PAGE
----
Voting protects, prevents and prevails

Tue, 10/18/2016 - 10:30am

Dear Editor:

Our Constitution empowers citizens with certain freedoms, independence, knowledge, and the right to choose its leaders by voting. We were not the first country to recognize the value of these rights as history of voting and democracy trace back to ancient Rome.

Voting selects leaders and proposed laws that are of value to us. Voting also holds elected officials accountable for their actions. When voting rights are denied to citizens, democracy is in peril.

Voting protects democracy and the rights of the people. Voting is a preventive measure -- officials who do not act on behalf of the majority citizens are at risk of being fired in the next election, if not before. Strong voting participation means democracy will prevail. Voting keeps power in the hands of the majority of people. The more citizens choose not to vote the more democracy weakens. Attempts to deny citizens’ right to vote and increased choosing not to vote, democracy and the country are weakened.

The 1918 Australian adoption of rank choice voting (RCV)/Instant Runoff voting (IRV) for elected offices has been successful at preventing a minority hold on government activity. It prevents government shutdown that cost taxpayers 24 billion dollars. A deliberate government shut down is unique in the world and the US has shut down 18 times.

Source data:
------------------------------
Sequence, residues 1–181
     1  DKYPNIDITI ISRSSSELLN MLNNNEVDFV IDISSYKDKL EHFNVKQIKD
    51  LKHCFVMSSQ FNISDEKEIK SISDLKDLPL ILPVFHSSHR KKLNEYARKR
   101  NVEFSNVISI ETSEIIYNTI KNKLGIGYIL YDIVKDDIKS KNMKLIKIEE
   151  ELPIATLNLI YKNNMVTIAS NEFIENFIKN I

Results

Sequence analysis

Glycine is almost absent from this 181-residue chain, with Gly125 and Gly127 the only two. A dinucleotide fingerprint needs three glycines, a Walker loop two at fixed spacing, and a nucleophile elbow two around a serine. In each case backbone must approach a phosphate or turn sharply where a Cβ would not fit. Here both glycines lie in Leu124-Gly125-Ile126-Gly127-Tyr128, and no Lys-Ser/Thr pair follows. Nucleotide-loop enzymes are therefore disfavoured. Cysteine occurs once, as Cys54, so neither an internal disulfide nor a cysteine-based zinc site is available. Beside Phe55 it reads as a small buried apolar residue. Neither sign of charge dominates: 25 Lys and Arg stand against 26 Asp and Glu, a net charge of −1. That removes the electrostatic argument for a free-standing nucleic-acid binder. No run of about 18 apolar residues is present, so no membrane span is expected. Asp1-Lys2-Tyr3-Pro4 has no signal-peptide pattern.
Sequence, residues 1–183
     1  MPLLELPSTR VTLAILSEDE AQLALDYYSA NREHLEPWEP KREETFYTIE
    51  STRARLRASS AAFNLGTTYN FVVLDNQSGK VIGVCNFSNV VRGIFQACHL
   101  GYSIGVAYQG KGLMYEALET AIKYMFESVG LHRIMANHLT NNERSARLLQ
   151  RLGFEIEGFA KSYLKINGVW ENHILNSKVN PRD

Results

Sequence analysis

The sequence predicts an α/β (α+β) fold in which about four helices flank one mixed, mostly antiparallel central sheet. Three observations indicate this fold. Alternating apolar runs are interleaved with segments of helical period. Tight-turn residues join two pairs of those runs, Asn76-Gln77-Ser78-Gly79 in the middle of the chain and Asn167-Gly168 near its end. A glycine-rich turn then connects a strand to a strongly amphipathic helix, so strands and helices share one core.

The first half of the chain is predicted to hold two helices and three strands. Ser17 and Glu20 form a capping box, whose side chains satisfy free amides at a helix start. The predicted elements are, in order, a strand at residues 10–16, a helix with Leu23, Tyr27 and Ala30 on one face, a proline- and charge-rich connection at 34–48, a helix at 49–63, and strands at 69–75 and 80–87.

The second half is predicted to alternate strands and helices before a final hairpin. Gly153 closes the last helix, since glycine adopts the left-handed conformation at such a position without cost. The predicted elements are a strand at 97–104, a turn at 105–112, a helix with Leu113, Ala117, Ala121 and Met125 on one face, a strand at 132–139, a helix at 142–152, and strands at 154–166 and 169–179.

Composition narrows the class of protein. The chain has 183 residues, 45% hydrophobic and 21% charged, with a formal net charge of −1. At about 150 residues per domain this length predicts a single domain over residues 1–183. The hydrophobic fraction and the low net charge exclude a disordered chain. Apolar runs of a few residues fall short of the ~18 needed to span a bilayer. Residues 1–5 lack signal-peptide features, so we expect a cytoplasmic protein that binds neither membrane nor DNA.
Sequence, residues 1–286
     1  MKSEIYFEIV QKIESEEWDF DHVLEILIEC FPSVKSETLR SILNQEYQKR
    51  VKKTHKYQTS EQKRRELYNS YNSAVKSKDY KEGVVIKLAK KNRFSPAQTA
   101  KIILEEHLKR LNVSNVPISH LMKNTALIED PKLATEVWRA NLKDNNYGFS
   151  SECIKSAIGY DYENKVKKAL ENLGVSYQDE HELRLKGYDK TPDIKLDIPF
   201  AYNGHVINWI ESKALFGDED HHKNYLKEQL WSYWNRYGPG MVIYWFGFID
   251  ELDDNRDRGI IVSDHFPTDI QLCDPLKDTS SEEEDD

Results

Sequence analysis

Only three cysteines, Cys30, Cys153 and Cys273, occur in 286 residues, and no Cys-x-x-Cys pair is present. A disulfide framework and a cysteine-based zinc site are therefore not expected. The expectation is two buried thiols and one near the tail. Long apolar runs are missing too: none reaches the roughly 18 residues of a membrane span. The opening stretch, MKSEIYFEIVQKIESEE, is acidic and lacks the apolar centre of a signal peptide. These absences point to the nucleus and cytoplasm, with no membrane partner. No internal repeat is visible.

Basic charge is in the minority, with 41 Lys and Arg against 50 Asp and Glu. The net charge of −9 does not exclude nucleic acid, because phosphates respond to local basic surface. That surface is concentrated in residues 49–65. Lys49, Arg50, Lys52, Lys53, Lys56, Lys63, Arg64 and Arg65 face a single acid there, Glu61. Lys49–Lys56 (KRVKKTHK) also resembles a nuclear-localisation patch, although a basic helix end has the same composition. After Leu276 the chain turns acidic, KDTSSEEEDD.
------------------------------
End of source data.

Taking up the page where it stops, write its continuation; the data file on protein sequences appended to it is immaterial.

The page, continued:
Neither democracy nor the Constitution was designed for authoritarian governance at the expense of ignoring voters. Historically, voting rights were limited to white male landowners. Constitutional amendments gave voting rights to all citizens including females and citizens of color. When you vote today you are voting to maintain equality for all citizens, to reassert the value of justice and fair treatment.

Question #5 Rank Choice Voting has been successful in countries, cities and states for centuries. It refocuses the dialogue on what the people expect from their elected representatives. It reduces popularity contests, redirecting candidates to pay attention to voters. Ranking candidates is easy when they have spent time listening to you as much as you listen to them. Yes on 5, insures Maine democracy will be stronger, and “more accurate than voting” confirmed in Scientific American.

Jarryl Larson